Before I came to Korea, I had heard about the toilets: that there were some type of Eastern toilet, essentially what I now refer to as a “squatty potty.” So I had this fear in the back of my mind that this toilet would be part of my demise and that it would be everywhere and the traditional western toilet I was used to would be forever out of my life. Fortunately, my fear was a bit on the irrational side and I still have my western toilets. ❤ However, no one warned me about the more disgusting aspect of almost ALL toilets in Korea: toilet paper is expected to go in a trash can beside the toilet (not actually into the toilet).
In Homes The first place I used a toilet in Korea was in my friend’s apartment in Seoul. Their bathroom was pretty sweet, not gonna lie: a bathtub/shower combo, and a western toilet. They quasi-warned me that their bathroom might not be typical in Korea because their apartment is actually pretty expensive and the U.S. government pays for the rent (her husband is USAF). I found this to be pretty true when I went on to my next location.
Hotels, Dormitories, and ApartmentsThe second place I stayed in when I came to Korea was a hotel, and it was first time I was actually in a place where there was no bathtub. However, this hotel was fairly fancy because it had a separated standing shower (complete with a door!). The dormitory I then stayed at for orientation was the first time I saw the lack of formal shower, and instead a ‘showering area’ of a bathroom: just a shower-head on the wall on the other side of the toilet. Most foreigners are in an apartment where the shower head is attached to the sink. (I think two of my friends have a bathtub and I’m SOOO jealous. I would kill for a bath. 😦 ㅠㅠ) All of our apartments have a standard ‘Western’ toilet, but one of my friend’s actually has a bidet toilet seat.
Public Restrooms and Schools I actually saw my first bidet toilet seat in a public rest stop. The public rest stops on the long road trips and bus terminals have pictures on the outside of the door that indicate if it’s an Eastern toilet or a Western toilet. When I first came to Korea, I tended to use the western toilets (I still have yet to use a bidet). Now, I tend to use the Asian style because they tend to look a little cleaner.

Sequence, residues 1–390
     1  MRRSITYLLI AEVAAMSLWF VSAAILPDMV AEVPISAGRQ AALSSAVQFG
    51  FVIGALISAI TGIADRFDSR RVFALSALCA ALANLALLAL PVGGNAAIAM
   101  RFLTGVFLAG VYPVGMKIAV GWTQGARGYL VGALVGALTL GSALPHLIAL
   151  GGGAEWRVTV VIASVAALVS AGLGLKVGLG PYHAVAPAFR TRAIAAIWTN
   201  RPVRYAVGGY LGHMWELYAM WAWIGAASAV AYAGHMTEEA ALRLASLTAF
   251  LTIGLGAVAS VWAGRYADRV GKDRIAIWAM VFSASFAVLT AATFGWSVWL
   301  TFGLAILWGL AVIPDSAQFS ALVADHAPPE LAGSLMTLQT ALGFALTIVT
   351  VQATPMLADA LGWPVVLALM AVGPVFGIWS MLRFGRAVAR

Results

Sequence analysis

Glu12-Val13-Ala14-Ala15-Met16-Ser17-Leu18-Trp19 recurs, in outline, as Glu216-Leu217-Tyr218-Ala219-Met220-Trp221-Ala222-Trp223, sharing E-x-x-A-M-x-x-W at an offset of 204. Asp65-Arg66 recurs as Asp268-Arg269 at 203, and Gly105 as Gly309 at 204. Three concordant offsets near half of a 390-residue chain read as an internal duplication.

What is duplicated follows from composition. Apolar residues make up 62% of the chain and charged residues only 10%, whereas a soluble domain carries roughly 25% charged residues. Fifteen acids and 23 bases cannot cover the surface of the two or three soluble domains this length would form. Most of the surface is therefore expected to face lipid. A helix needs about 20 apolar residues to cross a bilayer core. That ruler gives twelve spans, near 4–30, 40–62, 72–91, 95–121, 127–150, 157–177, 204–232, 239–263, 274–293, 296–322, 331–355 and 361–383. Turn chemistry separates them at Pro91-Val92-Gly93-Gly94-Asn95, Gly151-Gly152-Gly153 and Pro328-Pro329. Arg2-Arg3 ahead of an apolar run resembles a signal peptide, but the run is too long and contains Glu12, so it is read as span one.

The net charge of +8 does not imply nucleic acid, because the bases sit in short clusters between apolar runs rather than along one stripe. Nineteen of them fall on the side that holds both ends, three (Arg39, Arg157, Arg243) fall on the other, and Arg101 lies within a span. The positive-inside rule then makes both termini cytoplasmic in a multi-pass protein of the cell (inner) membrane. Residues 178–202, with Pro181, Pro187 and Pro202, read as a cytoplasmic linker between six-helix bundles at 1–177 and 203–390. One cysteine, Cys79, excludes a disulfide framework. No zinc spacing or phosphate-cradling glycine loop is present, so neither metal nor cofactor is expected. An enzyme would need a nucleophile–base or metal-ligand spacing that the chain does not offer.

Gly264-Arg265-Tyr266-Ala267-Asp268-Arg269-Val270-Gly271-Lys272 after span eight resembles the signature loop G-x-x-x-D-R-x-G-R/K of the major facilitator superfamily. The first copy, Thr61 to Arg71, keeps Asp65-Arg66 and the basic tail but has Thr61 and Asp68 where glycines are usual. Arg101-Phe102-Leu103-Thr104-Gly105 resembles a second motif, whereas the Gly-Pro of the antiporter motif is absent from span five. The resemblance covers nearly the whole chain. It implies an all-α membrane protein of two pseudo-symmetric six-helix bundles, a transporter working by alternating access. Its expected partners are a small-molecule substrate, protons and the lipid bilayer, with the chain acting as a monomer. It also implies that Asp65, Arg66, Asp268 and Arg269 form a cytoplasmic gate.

BarsDepending on the bar depends on what kind of restroom/toilet area you’re going to see. I must say, there are many interesting experiences that can be had in bar restrooms in South Korea. Sometimes there are clear signs and areas where the men’s and women’s toilets are. However, sometimes there is only 1 room. When you walk in, there is a urinal and sink and then a door/stall for a western (or eastern) toilet. It is expected that you leave the main door unlocked if you’re going to use the stall. Also, many men leave the main door unlocked as well in case anyone needs to use the additional stall. Needless to say, this can lead to some awkward situations: passing by someone at a urinal or, if you’re like me, waiting in the stall for the man to finish up his business.
Permanent Port-a-PottiesThis is something I’ve only seen in Korea. These are permanent establishments where there is no running water and it’s basically a port-a-potty. The women’s restrooms are equipped with an “eastern toilet’ but it’s more or less an oval hole in the floor…and sometimes you can see the grass a few feet below you. There is also a “urinal” shape for men, but they don’t get a whole door…just half door that covers their legs and back (depending on height). Be warned: they reek to high hell and typically have no toilet paper.
In JapanOn a side note, I had to laugh when I was in Japan. On the wall of the public toilet was a poster with directions on how to use (and NOT use) the western toilet.